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Samaritan Law: Can You be Sued for CPR?

Fiol Law Group|Posted in Uncategorized on May 28, 2019

It might seem like common sense to help others in need. For some individuals it sounds irresponsible to succumb to bystander effect, or to leave another person who is in need to respect their privacy. However, not all individuals think this way – including those that need saving. In some cases, being a good Samaritan could lead to legal action, initiated by the individual that was saved.

The American Heart Association (AHA) encourages individuals who are not medical professionals to learn cardiopulmonary resuscitation (CPR). Their intent is to prevent unnecessary deaths caused by cardiac arrest that take place outside of the medical setting. Brain death begins to take effect between and four and six minutes after a heart attack – this makes reaction time crucial in administering CPR. Pushing through bystander effect, the AHA hopes to save lives by equipping civilians with tools and knowledge.

Good Samaritan Law

Under typical conditions, Good Samaritan law prevents an involved party from suing the individual who administered CPR. Good Samaritan law varies between states. No matter what state you find yourself in, these laws are meant to provide protection to bystanders who step in to help. Some states require individuals with knowledge of CPR to step in or otherwise be fined, while others simply protect those that tried to help. On a federal level, the Federal Cardiac Survival Act legally provides immunity from civil charged for those who conduct CPR or use an AED – if they were not negligent. Instances of negligence occur when bystanders attempt to do more than they truly can. For example, attempting to use AED equipment to shock a person’s heart back into working is reckless if you don’t know how to properly use the device.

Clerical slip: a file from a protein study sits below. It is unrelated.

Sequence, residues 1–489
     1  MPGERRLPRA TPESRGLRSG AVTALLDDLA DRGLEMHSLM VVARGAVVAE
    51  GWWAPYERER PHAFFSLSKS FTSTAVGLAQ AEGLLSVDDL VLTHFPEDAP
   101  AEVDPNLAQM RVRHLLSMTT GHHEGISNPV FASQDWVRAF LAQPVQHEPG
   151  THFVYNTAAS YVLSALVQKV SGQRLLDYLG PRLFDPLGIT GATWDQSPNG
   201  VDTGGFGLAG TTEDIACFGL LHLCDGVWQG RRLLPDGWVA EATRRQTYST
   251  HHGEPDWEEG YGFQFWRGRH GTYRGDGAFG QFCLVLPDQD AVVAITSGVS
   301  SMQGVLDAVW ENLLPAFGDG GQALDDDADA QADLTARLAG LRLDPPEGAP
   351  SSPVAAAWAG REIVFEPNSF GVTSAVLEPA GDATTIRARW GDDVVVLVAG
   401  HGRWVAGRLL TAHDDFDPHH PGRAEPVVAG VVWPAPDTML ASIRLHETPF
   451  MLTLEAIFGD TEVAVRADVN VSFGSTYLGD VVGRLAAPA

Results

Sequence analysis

Do Not Resuscitate (DNR)

DNR orders dictate that the specified individual is not to be saved in any health-related circumstance. Typically, no reply when an individual is having a heart attack implies consent, but this is not the case with DNR orders. Good Samaritan laws will not help you in this situation because the order itself represents a lack of consent. Despite this, details within the DNR order could provide stipulations. Some orders are only valid within a hospital setting while others are valid no matter the location. Moreover, an individual who does not know what DNR orders are or does not know that a suffering individual has one, may still be under protection. This is another positive aspect of Good Samaritan law because it provides additional protection to who are still being tried in court for administering CPR.

Wrongful Death Claims

The Federal Cardiac Survival Act only protects you when you are not reckless or negligent when providing CPR or AED services to another human. However, if the individual dies, any incorrect step taken in either of these processes could indicate your contribution to their death. Do not attempt to save another individual’s life unless you are sure about what you are doing. Deviating from what you know and attempting to perform additional care, like performing a tracheotomy with a pen to open the airway, can be used as evidence against you in court. This is especially true if you are in no way related to the medical field because it then becomes reckless endangerment – even if your intent was good. If a victim’s family is suing you for wrongful death, and you did not act with negligence, the Federal Cardiac Survival Act may still offer immunity. This would require proof that you are qualified to perform CPR and can execute it correctly.

Good Samaritan laws are in place for good reason. They provide protection to those few individuals who step outside of their comfort zone to help another person in need. Although it is always positive to exercise these philanthropic inclinations, remember to have your own back too. Check for DNR orders, apply your skill effectively, and continue with your day knowing that, at the very least, you tried to help.